Facts and fictions
The brown recluse, Loxosceles reclusa, inhabits primarily South Central states, from Texas to Tennessee. But bites are reported regularly across the country.
It is a myth, says Vetter, that brown recluses are transported all around the country and "that's how people get bit."
Isolated itinerant individuals could not be responsible for the hundreds of bites reported outside the spider's territorial range every year. Populations of related Loxosceles species exist in Southwest deserts, but virtually all bites are reported from populated areas.
Even in places thick with spiders, real bites are rare.
The shy, retiring recluse is seldom encountered, if it can avoid it. Nocturnal, fragile and easily damaged, it bites when crushed in its retreat, or when someone rolls onto it in a bed it has unwisely started across.
Often the victim is initially unaware of the bite. In part, this reflects a fact of spider biology. Arthropods such as bees use their venom defensively, and it has evolved to induce pain. But spider venom is used to immobilize prey. Creating pain in mammals is an irrelevance.
Few spiders are poisonous to large animals; most cannot even pierce human skin. Of the spiders that can bite people, most are merely a nuisance. But spider venom is remarkably diverse. Several varieties are capable of causing mildly necrotic wounds, referred to as necrotic arachnidism.
The venom of Loxosceles species contains sphingomyelinase D, a wholly unique venom component in the animal kingdom, says Hernan F. Gomez, MD, a University of Michigan researcher in spider bite toxinology. He and his colleagues have developed an immunoassay capable of detecting Loxosceles venom for up to a week after envenomation.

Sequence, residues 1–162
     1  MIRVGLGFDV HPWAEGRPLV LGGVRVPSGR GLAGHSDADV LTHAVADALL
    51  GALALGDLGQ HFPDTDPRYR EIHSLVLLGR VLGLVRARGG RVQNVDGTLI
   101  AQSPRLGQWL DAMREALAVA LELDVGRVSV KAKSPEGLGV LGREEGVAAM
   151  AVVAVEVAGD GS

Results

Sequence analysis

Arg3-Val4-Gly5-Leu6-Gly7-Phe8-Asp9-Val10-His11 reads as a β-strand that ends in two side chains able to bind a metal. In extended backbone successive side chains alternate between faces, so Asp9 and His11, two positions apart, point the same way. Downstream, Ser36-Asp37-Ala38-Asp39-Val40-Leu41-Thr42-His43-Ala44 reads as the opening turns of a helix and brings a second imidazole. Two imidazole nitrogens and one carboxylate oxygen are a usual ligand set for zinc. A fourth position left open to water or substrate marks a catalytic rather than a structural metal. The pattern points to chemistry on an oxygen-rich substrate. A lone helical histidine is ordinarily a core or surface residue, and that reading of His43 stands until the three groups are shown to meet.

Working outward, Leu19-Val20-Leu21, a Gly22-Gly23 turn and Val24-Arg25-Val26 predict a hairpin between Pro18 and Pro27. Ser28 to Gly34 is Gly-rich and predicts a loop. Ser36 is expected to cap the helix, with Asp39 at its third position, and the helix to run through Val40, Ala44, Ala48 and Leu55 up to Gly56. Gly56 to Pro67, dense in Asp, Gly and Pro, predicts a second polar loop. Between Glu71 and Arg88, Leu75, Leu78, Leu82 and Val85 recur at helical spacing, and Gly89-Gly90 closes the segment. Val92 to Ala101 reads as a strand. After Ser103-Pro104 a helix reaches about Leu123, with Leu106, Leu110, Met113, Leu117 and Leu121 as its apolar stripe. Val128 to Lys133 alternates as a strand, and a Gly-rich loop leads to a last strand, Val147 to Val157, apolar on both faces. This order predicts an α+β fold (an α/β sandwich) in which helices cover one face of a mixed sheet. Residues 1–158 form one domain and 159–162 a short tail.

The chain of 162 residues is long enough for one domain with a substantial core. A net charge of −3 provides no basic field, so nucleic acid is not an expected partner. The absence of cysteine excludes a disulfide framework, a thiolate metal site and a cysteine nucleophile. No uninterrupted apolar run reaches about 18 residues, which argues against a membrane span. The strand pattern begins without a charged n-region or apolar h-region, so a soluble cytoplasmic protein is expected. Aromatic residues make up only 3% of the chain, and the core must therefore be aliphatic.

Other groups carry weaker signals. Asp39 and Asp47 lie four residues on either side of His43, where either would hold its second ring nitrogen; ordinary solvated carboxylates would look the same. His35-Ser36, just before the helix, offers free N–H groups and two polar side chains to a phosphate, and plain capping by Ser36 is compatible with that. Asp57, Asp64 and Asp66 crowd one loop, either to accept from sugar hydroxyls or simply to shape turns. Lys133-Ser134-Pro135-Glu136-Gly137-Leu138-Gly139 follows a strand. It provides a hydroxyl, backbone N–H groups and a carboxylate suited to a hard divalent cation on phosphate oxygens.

Here's what often happens: People experience pain or tenderness several hours after the bite as SMD starts to trigger tissue damage. This can last up to six months. Most bites are uneventful. A minority develop the dermonecrosis that has made the spider famous.
In these cases, a bluish sinking patch with ragged edges and a surrounding redness appears within 24 to 72 hours, says William V. Stoecker, MD. He described clinical aspects at an arachnidism symposium that Vetter organized as part of June's American Arachnological Society meeting. This is the "red, white and blue sign." Bruising may spread along lymphatics, or with gravity. Often there is a central blister.
But these symptoms overlap with many other dermatologic conditions.
"I don't think it's easy just from the wound itself to say it is brown recluse," especially in nonendemic areas where one would seldom encounter it, said Kevin C. Osterhoudt, MD, a toxicologist at Children's Hospital of Philadelphia.